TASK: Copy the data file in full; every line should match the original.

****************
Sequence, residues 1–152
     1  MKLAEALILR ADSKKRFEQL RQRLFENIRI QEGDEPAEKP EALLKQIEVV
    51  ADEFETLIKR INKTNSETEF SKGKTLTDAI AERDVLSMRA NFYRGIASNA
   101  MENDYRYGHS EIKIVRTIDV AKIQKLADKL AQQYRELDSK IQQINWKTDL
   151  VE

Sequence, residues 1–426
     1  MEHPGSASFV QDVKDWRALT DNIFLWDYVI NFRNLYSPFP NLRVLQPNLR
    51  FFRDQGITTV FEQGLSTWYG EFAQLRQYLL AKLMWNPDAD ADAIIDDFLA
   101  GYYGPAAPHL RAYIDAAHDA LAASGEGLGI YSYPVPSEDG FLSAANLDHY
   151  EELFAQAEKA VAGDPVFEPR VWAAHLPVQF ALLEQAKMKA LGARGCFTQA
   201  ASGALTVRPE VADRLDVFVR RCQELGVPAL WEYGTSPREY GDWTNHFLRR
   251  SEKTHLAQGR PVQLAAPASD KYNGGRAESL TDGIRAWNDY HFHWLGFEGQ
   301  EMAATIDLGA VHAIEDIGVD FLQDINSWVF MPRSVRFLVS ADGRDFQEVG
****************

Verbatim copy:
Sequence, residues 1–152
     1  MKLAEALILR ADSKKRFEQL RQRLFENIRI QEGDEPAEKP EALLKQIEVV
    51  ADEFETLIKR INKTNSETEF SKGKTLTDAI AERDVLSMRA NFYRGIASNA
   101  MENDYRYGHS EIKIVRTIDV AKIQKLADKL AQQYRELDSK IQQINWKTDL
   151  VE

Sequence, residues 1–426
     1  MEHPGSASFV QDVKDWRALT DNIFLWDYVI NFRNLYSPFP NLRVLQPNLR
    51  FFRDQGITTV FEQGLSTWYG EFAQLRQYLL AKLMWNPDAD ADAIIDDFLA
   101  GYYGPAAPHL RAYIDAAHDA LAASGEGLGI YSYPVPSEDG FLSAANLDHY
   151  EELFAQAEKA VAGDPVFEPR VWAAHLPVQF ALLEQAKMKA LGARGCFTQA
   201  ASGALTVRPE VADRLDVFVR RCQELGVPAL WEYGTSPREY GDWTNHFLRR
   251  SEKTHLAQGR PVQLAAPASD KYNGGRAESL TDGIRAWNDY HFHWLGFEGQ
   301  EMAATIDLGA VHAIEDIGVD FLQDINSWVF MPRSVRFLVS ADGRDFQEVG